• Review a song by country singer Rodney Atkins on "Going Through Hell" CD which has some safety messages. The singer may be willing to allow the song to be used in a safety belt campaign.
  • Provide information for foreign visitors on the state's safety belt law.
  • Prepare a PowerPoint presentation geared to safety belts/aggressive driving and give it to law enforcement officials for school/community presentations.
  • Include information in safety belt materials on the cost of safety belt tickets (average is $49 but counties have options for add-ons).
  • Primary Law
    • The media in Florida is very supportive of a primary safety belt law with many of the newspapers in the state doing supportive editorials. Reach out to newspapers again and ask that they do editorials on the benefits of a primary safety belt law.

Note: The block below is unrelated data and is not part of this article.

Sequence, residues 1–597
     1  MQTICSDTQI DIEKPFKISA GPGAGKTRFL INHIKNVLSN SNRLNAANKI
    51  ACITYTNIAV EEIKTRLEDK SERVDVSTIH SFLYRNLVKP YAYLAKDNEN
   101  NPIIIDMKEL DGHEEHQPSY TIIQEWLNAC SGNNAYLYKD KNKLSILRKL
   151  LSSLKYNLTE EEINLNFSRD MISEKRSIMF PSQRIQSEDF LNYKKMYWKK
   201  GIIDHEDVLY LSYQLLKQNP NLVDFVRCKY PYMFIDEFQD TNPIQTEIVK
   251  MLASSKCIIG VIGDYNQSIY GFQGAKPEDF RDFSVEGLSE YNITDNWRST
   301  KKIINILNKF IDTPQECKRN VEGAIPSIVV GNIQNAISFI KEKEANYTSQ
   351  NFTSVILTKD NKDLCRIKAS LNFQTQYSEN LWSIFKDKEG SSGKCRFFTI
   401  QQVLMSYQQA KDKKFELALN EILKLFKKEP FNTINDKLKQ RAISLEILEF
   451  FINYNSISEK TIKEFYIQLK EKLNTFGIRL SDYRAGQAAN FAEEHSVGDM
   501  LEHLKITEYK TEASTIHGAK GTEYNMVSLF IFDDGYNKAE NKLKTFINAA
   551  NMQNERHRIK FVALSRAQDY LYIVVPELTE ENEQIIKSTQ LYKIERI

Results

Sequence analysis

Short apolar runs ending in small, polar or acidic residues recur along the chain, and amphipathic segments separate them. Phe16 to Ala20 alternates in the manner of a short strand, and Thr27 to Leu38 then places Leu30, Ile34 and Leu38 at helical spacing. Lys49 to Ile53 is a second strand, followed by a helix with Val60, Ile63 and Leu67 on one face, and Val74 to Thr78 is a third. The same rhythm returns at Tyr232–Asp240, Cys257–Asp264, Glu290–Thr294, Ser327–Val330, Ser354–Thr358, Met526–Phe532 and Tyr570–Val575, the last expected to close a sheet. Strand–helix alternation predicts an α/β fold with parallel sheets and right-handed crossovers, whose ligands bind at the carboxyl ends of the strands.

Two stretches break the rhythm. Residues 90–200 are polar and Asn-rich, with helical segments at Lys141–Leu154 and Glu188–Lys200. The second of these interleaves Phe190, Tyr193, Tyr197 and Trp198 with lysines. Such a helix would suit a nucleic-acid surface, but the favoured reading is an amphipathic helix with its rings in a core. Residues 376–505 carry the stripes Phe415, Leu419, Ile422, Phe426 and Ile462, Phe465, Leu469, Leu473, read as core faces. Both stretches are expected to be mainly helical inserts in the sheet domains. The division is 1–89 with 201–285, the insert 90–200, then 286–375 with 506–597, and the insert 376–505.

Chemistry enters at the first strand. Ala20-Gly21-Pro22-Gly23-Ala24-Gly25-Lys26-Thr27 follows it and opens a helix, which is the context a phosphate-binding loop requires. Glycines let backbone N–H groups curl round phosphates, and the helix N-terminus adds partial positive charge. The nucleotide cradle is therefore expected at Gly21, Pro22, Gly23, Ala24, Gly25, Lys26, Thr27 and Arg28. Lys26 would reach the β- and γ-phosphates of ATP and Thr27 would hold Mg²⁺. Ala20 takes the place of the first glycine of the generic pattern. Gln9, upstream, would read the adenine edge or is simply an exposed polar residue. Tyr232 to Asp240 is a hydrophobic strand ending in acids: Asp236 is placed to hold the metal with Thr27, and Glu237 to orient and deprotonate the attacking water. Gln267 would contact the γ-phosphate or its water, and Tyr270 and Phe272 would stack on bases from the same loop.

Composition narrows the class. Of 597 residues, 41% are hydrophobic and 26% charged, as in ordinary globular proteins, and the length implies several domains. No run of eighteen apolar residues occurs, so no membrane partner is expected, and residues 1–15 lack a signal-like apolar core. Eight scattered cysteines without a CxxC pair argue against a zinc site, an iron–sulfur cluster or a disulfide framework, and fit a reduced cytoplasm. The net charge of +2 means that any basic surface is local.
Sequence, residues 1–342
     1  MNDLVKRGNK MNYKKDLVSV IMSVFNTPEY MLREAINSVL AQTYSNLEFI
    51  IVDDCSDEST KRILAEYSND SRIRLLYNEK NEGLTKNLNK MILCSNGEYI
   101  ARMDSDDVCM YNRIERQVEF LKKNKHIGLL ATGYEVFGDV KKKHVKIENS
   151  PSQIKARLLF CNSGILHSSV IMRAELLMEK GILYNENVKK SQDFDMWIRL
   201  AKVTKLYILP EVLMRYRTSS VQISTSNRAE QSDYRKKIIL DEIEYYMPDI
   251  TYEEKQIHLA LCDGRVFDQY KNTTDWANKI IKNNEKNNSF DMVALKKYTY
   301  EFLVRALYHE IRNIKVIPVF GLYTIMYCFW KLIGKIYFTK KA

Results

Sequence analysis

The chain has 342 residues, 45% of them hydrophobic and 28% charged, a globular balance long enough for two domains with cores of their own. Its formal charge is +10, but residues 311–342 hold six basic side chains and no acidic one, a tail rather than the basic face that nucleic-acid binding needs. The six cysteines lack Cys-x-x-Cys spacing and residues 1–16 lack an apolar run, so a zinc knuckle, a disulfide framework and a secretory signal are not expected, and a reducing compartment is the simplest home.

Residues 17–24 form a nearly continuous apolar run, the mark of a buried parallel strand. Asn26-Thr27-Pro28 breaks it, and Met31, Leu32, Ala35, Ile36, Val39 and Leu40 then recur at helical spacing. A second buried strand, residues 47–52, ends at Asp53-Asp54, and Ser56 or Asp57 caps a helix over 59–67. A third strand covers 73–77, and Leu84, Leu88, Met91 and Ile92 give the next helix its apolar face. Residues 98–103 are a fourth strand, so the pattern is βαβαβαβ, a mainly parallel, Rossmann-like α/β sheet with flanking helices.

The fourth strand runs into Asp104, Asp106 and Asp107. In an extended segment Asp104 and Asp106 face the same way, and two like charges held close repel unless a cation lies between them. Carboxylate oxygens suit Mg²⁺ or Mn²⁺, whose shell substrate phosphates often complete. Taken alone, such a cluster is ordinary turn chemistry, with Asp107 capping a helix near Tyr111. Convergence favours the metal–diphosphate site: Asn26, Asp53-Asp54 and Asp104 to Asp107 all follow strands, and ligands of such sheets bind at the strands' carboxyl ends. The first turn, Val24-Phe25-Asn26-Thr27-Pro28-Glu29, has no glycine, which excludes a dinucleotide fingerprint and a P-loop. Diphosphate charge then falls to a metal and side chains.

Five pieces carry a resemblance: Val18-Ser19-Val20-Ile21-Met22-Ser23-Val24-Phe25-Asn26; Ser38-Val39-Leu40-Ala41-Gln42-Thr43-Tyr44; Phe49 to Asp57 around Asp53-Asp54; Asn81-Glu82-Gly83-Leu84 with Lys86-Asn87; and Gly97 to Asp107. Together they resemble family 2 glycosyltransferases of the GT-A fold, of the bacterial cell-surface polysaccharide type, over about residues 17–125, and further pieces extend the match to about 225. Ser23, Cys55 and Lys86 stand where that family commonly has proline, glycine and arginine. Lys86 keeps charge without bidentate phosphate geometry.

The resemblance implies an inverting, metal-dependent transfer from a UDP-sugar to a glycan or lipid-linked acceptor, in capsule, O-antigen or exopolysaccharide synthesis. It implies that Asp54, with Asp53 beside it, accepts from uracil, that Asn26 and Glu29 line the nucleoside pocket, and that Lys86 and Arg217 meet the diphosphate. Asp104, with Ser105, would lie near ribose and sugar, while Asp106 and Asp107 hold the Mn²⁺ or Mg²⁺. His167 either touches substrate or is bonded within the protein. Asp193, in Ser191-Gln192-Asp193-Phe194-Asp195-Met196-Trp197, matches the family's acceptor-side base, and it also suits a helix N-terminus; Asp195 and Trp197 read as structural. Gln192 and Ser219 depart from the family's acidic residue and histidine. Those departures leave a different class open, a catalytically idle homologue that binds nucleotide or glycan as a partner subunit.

• Invite legislators to participate in safety belt mobilization efforts.
    • Work with local Sheriffs and ask them to educate elected officials on the importance of a primary safety belt law.
  • Prepare an annual calendar of Traffic Safety Events and make sure law enforcement agencies have the information well in advance so they can prepare for any mobilizations.
  • Link the safety belt initiative to CARE Weekends that are sponsored by Operation Life Saver.
  • The Florida Safety Office has a good safety belt training program, but it was recommended that Florida trainers be used.


 

Buckle Up In Your Truck

  • Many round table participants liked the television ad for this campaign because it addressed the fact that people feel safer in their trucks and do not wear safety belts as a result.